Caught in a mental fog
This morning I woke up in a state of mumbleheadedness. I was unable to speak clearly. My thoughts were caught in a mental fog, and I was stumbling around getting ready for the day. The inability means that I slur my words a bit and have trouble spitting out full sentences. No, there’s nothing deeply wrong. I didn’t have a stroke or anything terrible like that. I just woke up with a less than perfect brain. It happens to all of us sometimes. It’s like waking up sick. A cup of coffee was all it took to get on track and really wake up.
My Linguistics professor called this kind of morning issue the difference between capability and performance. He explained how we speak differently when we have a cold because our nasal passages are blocked up. Our ability to pronounce words is changed while we have a stuffy nose. That means “m” becomes “b” and “n” just disappears. If I have a cold and say: “I’m sick and can’t talk,” it comes out “I’b sick and ca’t talk.” Of course, I am capable of pronouncing every word correctly, but my performance is off when I’m sick.
Imagine, though, if I spoke as many people write. My wife, for example, has actually been sick. In one of her recent Facebook posts she misused a word, which is not like her at all. It’s not as though every letter she types is correct, but normally she catches her errors. Her writings are almost always perfect–even in texts and social media sites. Being sick has made her brain work a little less hard. It misses errors she normally would catch and correct. Luckily she is feeling better now. She was amazed to see the error she made–a simple one that all of us could make on a good day, but an error that was uncharacteristic of her.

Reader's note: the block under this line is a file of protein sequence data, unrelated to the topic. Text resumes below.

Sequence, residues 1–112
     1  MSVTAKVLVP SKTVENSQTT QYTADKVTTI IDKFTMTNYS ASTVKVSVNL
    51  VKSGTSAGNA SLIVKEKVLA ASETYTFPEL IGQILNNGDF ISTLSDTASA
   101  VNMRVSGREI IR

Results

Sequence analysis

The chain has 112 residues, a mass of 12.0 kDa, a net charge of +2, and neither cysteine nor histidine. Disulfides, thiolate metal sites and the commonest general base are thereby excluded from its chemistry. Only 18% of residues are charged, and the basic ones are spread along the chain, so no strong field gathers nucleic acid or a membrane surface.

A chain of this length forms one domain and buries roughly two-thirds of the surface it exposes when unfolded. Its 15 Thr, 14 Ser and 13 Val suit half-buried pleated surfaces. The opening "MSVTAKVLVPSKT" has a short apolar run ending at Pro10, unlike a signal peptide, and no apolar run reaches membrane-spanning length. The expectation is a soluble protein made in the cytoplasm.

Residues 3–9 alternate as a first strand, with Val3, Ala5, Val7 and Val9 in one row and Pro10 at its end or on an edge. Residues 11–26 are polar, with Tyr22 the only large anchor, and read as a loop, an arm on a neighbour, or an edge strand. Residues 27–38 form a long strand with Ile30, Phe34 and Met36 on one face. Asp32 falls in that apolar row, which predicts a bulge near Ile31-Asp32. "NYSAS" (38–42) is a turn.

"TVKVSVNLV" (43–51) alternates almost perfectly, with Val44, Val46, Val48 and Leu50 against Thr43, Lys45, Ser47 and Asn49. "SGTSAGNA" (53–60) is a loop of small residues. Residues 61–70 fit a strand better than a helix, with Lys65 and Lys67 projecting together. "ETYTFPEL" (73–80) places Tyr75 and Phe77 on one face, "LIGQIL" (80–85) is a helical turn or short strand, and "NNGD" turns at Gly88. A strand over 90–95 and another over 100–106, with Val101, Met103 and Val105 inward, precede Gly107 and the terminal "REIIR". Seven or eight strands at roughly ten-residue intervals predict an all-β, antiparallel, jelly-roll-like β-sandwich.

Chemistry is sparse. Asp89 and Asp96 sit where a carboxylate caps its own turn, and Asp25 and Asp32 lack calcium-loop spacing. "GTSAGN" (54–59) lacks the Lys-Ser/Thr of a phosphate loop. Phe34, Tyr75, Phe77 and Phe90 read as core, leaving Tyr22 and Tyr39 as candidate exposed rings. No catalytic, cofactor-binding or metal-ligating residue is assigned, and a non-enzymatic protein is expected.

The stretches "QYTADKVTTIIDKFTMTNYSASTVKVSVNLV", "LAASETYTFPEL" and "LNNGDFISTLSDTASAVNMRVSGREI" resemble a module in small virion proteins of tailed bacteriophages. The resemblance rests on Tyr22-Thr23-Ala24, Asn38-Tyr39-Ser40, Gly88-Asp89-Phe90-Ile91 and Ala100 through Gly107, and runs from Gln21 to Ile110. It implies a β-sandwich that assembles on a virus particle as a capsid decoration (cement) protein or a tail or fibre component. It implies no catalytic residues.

What would happen to her professionally, though, if she allowed her one error to cause her to say that she is not really a good writer? Would she give up on practicing good form and drop her performance level down to match her lowered expectations? What would happen to me if I caught a cold and continued to speak like that long after I am healthy again?
I suggest that some of us do just that when we write. I see it my online students’ posts when they are writing in less formal situations. Assignments are written better than participation posts. When we care more we write at a higher quality. Many of us will look at the situation we are writing for and take the easy path, writing at a level of performance much lower than our true capability.
We would never continue mumbling throughout the rest of the day once the clouds and cobwebs cleared from our minds. Instead, we begin to speak more clearly as soon as we can, as if we can’t wait to shrug off the glop that inhabits the early morning mind. Why not apply the same attitude toward our writing? I don’t mean that we have to treat everything we write as a formal essay. But we should catch as many basic errors as we can before posting our writing anywhere, whether it is in a class, in a text to a friend, an email to a co-worker, or a tweet on Twitter. We need to practice near the peak of our current skill and push that envelope of skill ever higher by adding new learning to the current skill peak.
We will always have poor performance days, but we should avoid, at all costs, having them become poor performance habits.